Ads Force Unwitting Xenophobes to Watch Pro-Refugee Stories
Part of the deal with watching a new music video or a clip from a late-night show on YouTube means sitting through a 30-second ad. Just as advertisers hope looking at shiny new lip colors before watching a movie trailer might influence your next purchase, one German organization hopes its ads of refugees sharing real-life experiences will change locals’ opinions about asylum seekers.
“My home was bombed and completely destroyed,” Najlaa, a 23-year-old Syrian refugee living in Germany, says in an advertisement that plays on YouTube. “Do you think I care about money?” Najlaa goes on to explain that she lost three family members during the Syrian conflict and that all she wants is peace.
Najlaa’s video is one of nine ads that pop up when Germans search YouTube for videos using keywords such as refugee terrorists, immigrants don’t integrate, and asylum seekers out.
The campaign, titled “Search Racism. Find Truth,” is the brainchild of Berlin-based housing organization Refugees Welcome. The group paid for the ads to be matched with keywords against refugees and Islam, and they currently play before 100 videos, BBC News reports.
“We hope this campaign will contribute to greater awareness and a more cosmopolitan outlook in the very place where hatred and incitement against foreigners spread the fastest: online,” Jonas Kakoschke, a cofounder of Refugees Welcome, told The Independent.
The 30-second ads cannot be skipped, forcing viewers to hear a direct rebuttal to their desired content. While the users who uploaded the videos can disable ads, they cannot select which ads get paired with their videos.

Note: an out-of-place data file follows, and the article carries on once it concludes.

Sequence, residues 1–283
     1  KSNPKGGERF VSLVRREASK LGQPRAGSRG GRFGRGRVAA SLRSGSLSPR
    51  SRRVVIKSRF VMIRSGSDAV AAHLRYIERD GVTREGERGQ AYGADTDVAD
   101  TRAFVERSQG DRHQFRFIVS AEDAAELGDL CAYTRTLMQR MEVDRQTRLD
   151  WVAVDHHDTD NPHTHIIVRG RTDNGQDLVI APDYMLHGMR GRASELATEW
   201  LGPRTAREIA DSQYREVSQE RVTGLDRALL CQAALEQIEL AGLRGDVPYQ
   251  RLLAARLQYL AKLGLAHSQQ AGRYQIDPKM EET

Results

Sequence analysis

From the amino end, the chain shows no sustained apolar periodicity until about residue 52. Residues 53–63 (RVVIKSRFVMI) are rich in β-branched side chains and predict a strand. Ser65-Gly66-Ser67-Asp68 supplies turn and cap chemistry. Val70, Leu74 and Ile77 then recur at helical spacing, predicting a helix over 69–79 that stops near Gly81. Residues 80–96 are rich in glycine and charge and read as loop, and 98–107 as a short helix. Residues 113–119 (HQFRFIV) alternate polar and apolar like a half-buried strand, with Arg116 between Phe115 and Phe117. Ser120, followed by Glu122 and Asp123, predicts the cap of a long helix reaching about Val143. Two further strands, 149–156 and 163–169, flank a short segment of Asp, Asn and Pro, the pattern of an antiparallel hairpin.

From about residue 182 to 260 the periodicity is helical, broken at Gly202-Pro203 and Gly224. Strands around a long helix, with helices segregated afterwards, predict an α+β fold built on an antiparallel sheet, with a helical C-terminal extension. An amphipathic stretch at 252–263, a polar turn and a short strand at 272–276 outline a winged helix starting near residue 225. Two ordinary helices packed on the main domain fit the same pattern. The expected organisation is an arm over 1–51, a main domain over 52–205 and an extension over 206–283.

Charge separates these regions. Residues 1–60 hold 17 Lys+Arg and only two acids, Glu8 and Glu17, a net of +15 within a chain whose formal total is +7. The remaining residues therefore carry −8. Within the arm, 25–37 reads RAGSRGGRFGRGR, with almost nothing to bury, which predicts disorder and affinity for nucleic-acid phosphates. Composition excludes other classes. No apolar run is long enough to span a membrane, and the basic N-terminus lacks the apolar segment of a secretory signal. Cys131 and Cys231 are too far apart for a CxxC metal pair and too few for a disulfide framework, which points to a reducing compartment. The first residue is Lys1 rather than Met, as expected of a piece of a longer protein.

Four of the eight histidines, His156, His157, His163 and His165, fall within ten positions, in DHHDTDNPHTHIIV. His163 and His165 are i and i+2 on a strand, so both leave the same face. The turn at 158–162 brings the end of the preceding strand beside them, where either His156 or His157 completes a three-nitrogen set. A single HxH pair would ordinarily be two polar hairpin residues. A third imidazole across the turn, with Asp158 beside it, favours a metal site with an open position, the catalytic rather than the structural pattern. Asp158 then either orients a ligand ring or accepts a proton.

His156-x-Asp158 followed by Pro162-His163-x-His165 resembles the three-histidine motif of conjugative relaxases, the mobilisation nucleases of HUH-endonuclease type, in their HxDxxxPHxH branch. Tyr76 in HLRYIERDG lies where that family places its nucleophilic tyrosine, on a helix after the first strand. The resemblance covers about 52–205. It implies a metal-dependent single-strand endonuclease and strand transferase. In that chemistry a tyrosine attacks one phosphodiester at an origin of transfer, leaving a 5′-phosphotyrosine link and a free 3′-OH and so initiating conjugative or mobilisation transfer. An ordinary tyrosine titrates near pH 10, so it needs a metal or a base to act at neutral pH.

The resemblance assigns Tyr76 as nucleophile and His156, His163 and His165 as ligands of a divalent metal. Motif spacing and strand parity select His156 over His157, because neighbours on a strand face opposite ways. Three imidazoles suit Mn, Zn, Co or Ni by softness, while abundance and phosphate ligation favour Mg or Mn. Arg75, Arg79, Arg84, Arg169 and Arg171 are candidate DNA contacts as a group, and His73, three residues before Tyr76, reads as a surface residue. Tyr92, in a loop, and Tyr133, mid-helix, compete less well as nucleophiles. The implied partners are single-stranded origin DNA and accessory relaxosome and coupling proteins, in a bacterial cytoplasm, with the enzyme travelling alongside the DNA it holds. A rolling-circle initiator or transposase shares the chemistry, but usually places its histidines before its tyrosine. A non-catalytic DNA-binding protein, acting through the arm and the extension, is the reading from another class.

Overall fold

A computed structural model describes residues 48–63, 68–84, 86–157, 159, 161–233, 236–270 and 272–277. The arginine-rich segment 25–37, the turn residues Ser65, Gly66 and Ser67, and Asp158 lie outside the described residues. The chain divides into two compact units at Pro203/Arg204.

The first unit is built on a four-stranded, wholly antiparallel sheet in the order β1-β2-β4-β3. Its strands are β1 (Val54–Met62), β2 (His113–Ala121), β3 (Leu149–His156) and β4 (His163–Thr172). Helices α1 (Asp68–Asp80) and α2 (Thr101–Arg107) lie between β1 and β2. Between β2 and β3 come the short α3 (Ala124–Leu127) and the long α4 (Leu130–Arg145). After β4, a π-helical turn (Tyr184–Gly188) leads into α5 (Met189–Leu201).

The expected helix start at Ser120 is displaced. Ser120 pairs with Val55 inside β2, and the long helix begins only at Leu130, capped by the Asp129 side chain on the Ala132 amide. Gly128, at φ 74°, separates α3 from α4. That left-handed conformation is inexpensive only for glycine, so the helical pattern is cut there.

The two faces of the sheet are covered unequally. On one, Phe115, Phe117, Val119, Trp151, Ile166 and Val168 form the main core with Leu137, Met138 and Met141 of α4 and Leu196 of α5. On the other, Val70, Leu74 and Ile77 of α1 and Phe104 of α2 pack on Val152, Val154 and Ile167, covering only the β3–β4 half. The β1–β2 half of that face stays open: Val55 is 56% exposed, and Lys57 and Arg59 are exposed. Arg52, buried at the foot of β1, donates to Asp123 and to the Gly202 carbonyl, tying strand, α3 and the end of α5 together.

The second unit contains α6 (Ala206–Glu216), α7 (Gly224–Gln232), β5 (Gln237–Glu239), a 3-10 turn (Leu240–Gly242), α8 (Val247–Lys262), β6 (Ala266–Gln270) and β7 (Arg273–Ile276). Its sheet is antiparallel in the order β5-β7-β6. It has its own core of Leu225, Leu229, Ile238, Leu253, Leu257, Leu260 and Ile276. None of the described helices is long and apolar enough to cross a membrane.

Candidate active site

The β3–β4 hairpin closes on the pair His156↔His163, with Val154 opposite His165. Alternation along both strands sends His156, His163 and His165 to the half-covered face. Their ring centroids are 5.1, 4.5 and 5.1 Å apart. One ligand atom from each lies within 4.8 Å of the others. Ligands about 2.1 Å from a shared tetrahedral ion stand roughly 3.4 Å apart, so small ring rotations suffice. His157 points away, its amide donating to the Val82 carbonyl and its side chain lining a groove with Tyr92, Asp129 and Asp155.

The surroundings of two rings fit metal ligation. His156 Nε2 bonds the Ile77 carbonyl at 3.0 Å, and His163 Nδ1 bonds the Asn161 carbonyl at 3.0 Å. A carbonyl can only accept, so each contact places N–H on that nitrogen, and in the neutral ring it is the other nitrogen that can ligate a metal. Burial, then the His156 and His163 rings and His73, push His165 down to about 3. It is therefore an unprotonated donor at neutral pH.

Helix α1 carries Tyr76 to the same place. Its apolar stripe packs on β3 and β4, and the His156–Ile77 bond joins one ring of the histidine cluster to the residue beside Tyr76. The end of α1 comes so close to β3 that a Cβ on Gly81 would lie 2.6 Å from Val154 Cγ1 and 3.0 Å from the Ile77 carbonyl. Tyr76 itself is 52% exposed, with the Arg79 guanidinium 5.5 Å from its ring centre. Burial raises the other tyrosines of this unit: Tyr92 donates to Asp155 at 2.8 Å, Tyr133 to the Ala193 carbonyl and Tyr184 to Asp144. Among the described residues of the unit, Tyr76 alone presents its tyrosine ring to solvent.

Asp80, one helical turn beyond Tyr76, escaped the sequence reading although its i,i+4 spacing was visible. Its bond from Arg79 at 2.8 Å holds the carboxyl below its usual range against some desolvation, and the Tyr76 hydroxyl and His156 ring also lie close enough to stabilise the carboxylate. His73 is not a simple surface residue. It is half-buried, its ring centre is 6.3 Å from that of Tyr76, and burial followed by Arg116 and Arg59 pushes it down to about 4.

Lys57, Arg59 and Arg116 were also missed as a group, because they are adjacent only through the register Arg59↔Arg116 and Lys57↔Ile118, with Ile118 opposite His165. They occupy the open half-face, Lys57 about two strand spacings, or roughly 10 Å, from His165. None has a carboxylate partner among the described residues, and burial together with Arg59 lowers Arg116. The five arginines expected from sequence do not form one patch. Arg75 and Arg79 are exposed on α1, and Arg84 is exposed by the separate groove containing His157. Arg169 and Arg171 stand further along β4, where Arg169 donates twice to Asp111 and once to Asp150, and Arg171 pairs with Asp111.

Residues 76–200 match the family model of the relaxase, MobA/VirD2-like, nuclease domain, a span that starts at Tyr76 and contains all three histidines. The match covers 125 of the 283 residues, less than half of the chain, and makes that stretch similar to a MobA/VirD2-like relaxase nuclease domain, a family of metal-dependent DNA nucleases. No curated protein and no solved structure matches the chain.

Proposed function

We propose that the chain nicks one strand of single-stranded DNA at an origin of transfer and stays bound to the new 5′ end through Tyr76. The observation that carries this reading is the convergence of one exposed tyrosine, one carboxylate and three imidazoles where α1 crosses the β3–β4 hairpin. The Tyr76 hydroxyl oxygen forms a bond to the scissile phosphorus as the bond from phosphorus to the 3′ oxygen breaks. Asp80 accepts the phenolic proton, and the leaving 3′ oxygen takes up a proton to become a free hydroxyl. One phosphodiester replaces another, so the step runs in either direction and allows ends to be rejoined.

FULL COVERAGE: The Global Refugee Crisis
More than 1 million asylum seekers entered Germany in 2015, the majority from Iraq and Syria. While Chancellor Angela Merkel has received international praise for her willingness to open the country to those in need, public opinion has become tainted. Attacks in Cologne on New Year’s Eve—in which more than 100 women filed criminal complaints alleging sexual and physical assault at the hands of asylum seekers—drew more scrutiny of refugees residing in Germany. Some German citizens fought back. As of April 5, German officials had recorded nearly 300 attacks on refugee shelters in 2016, including instances of arson and violence, Reuters reports.
Each video from Refugees Welcome is directly connected to its search term to achieve the greatest impact. Before a viewer can watch a woman lamenting that refugees refuse to integrate, a man from Mali delivers the definition of prejudice speech in German—the sixth language he’s learned. Those trying to watch speeches from Lutz Bachmann—the founder of anti-Islamist group PEGIDA—first hear from Arif, who details Bachmann’s rap sheet and arrest record. Najlaa’s video comes up when viewers search refugees only want money.
“We want to use the targeted placement of ads to get viewers of right-wing extremist videos thinking and ideally to even change their minds,” Marieke Geiling, a cofounder of Refugees Welcome, told The Independent. The end of each ad recommends viewers click on an alternative link to learn more about individual stories rather than “listen to more prejudice.”